Artist Textiles: Picasso to Warhol

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by Frances J. Folsom

The American History Textile Museum in Lowell is the ideal setting for Artist Textiles: Picasso to Warhol (on view through March 29). The museum is housed in a 19th century building that was the Kitson Machine Shop, a textile mill that prepped cotton.

Why Lowell?
In 1821 Boston businessmen Nathan Appleton, Patrick Jackson and Amos and Abbott Lawrence founded the Merrimac Manufacturing Company building mills to produce textiles, warehouses for storing them and a railroad for shipping and receiving. They brought in engineers to build canals for harnessing the power of the Merrimac and Concord Rivers and Pawtucket Falls.

Their call for workers went out to the surrounding farmlands and as far away as Europe. Hundreds of workers, mostly immigrants, signed up to work in the mills. The Merrimac Manufacturing Company built houses, churches, schools, libraries and laid out parks along the rivers for the them. The mills ran 12 hours a day 6 days a week. The city of Lowell sprang to life as a manufacturing center for textiles. It would go on to play a leading role in the Industrial Revolution.


Art for the Masses
Artist Textiles; Picasso to Warhol features 200 textile designs detailing fauvism, cubism, surrealism, constructivism, abstraction and pop art. This is an opportunity to see the works of artists such as Pablo Picasso, Andy Warhol, Salvatore Dali, Raoul Dufy, Fernand Léger, Marc Chagall, Henri Matisse and Joan Miró on clothing designed by fabric manufacturers of the 1940s, ’50s, ’60s and ’70s. On loan from the Fashion and Textile Museum in London Artist Textiles: Picasso to Warhol tells a story of European and American art movements and bringing art to the masses.

After World War II, textile designer Zika Ascher went to France and met with artists Henri Matisse and Henry Moore where he convinced them to design headscarves. These small squares of silk or cotton would be a boost to the economy of haute couture and create work in textile mills. At the same time, the New York-based Wesley Simpson Custom Fabrics contracted surrealists artists Salvatore Dali and Marcel Vertex to also design headscarves.

In 1953, New York manufacturer Dan Fuller, owner of Fuller Fabrics, started his Modern Masters Series by asking Picasso, Miro, Dufy, Leger and Chagall to put their works on textiles. The artists would create the designs then turn the work over to graphic designers. This project set the standard for other textile manufacturing companies to produce affordable designs by famous artists.

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The Exhibit
On the ground floor gallery, you can breeze past Raoul Dufy’s “Les Viola” a block-printed cotton furnishing textile by Bianchini-Férier, France c.1919, several works by Rockwell Kent and the displays by artists of the Bloomsbury Omega Workshops.
The “must sees” are Salvatore Dali’s screen-printed rayon crepe dress “Flower Ballet” dating to 1947; Dali’s “Number Please?” a silk headscarf with an assortment of colored telephone receivers on it; and Matisse’s blue and white screen-printed headscarf “Echarpe #1,” both are c. 1947.

Around the corner from these you will find “Fit for a Queen” three cotton summer dresses in reds, rusts and greens with flounce skirts nipped in at the waist. Artists Graham Sutherland and Alastair Morton designed these in 1946 for the British company, Horrockses Crewdson & Company, which became purveyors to the royal family. Queen Elizabeth and Princess Margaret purchased several dresses this style.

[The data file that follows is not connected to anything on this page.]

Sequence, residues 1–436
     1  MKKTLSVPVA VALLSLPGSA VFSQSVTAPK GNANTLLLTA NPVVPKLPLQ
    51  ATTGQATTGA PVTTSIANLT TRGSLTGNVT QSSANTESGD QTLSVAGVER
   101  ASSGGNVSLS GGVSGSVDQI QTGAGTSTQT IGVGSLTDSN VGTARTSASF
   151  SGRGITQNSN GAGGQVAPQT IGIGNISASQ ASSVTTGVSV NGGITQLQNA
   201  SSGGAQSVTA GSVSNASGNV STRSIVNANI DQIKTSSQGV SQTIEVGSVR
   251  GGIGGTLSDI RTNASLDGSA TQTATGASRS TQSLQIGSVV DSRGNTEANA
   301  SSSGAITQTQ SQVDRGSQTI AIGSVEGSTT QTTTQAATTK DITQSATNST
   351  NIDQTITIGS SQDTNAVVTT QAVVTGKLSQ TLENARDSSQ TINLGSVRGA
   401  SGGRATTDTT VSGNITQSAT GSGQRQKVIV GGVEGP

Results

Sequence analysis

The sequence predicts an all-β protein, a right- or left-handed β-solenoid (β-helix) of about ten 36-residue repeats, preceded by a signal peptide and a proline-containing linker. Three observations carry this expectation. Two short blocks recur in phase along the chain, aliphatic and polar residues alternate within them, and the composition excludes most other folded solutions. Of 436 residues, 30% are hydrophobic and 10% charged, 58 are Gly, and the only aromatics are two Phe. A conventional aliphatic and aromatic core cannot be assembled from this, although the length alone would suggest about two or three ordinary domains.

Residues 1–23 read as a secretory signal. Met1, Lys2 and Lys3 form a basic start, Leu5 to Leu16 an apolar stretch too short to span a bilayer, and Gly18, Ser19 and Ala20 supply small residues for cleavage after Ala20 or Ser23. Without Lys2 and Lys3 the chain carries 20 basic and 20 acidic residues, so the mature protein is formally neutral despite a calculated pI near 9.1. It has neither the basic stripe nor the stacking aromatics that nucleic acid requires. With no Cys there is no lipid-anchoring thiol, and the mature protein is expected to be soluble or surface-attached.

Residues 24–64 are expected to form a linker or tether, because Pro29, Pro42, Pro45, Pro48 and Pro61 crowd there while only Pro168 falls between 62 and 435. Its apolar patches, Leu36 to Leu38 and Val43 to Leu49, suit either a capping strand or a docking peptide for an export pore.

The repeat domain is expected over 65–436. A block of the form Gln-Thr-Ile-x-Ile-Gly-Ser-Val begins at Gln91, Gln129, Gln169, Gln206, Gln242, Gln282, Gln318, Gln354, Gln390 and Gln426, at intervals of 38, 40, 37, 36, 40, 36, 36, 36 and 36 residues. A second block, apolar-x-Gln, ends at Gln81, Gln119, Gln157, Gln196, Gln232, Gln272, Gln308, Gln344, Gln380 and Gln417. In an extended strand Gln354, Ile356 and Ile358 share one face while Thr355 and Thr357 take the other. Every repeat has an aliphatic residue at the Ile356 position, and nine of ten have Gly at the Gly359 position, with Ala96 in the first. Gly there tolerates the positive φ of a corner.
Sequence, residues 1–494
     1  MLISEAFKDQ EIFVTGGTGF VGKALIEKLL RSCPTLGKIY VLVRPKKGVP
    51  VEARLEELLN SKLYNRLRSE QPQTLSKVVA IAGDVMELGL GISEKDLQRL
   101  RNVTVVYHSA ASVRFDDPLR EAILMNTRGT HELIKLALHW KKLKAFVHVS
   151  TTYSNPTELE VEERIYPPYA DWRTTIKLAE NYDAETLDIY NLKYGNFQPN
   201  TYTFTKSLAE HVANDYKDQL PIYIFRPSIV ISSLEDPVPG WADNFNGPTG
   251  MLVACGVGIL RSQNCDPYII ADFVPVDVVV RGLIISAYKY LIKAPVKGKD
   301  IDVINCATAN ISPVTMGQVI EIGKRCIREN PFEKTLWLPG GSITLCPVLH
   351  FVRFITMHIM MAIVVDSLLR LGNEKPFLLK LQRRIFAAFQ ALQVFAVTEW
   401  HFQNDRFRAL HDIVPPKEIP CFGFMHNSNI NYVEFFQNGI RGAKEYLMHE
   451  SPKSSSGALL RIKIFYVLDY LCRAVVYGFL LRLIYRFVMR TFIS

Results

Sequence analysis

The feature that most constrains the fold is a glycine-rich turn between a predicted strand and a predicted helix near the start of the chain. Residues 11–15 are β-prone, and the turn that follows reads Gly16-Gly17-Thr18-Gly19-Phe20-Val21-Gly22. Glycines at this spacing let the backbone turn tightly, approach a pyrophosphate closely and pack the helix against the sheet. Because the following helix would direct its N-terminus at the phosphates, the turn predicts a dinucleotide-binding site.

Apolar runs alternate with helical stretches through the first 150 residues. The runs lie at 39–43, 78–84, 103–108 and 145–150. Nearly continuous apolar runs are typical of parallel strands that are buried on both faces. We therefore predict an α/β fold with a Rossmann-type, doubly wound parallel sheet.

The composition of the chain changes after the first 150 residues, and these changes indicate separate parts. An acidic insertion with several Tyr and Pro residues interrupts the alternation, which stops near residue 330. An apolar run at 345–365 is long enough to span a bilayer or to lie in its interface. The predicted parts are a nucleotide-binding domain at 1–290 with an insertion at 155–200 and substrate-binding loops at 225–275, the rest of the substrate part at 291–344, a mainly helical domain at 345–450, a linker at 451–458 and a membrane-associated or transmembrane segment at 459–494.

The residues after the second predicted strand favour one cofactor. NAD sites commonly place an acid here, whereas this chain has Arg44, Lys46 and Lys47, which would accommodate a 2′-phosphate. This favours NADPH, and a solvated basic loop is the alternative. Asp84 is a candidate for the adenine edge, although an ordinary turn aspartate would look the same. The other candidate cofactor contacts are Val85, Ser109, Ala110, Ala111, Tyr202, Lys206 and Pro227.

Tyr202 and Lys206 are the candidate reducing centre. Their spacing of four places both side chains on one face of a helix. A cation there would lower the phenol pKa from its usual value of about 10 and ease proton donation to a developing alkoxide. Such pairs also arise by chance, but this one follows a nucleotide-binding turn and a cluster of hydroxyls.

The Warhol dresses are center stage in this gallery. This is the first time they have been seen in public in America. Behind them are panels Warhol painted for Serendipity 3 Café in New York City. The “Ice Cream Sundae” dress is done in rows of ice cream cones in brilliant shades of pistachio, raspberry and orange on white silk. It’s partnered with “Melons” a sleeveless blue cotton dress decorated with huge slices of watermelons.
Joan Miró also excerpted from his original works in designing dresses for fabric companies. His pale green short-sleeved day dress, “Farmer’s Dinner,” is bedecked with white roosters mimicking one of his furnishing textiles.


The upstairs gallery holds “Picasso Unseen”—a collection of jackets and dresses that he put his designs on for White Stag and Bloomcraft Fabrics in the 1960s. The Bloomcraft dresses were featured in the December 1963 issue of Look magazine.

Holding their own against Picasso are the whimsical works of Saul Steinberg. For his beautiful border print “Paddington Station” c. 1952, Steinberg designed the London train station using rubber on cotton. His talent for detail shows in a 1950 screen-printed glazed cotton furnishing textile dubbed “The Wedding” where he has drawn the bride and groom and wedding guests adorned in 19th century finery. Shown with these is one of the dresses he created, “Arab Town,” a short sleeved shirtwaist in the colors of the desert, warm browns, teals and oranges.

Many of the artists charged the fabric companies just $1.50 to $2 per yard. These designs did what they were made to do; they brought art to Americans and Europeans at, in most cases, an affordable price.

Artist Textiles: Picasso to Warhol
November 21, 2014 – March 29, 2015
American Textile History Museum
491 Dutton St. #2, Lowell, MA 01854


Image Credit: Images courtesy of the American Textile History Museum.


Fran Folsom is a Cambridge based freelance journalist. When she is not traveling throughout New England and beyond she writes about art, history and travel.



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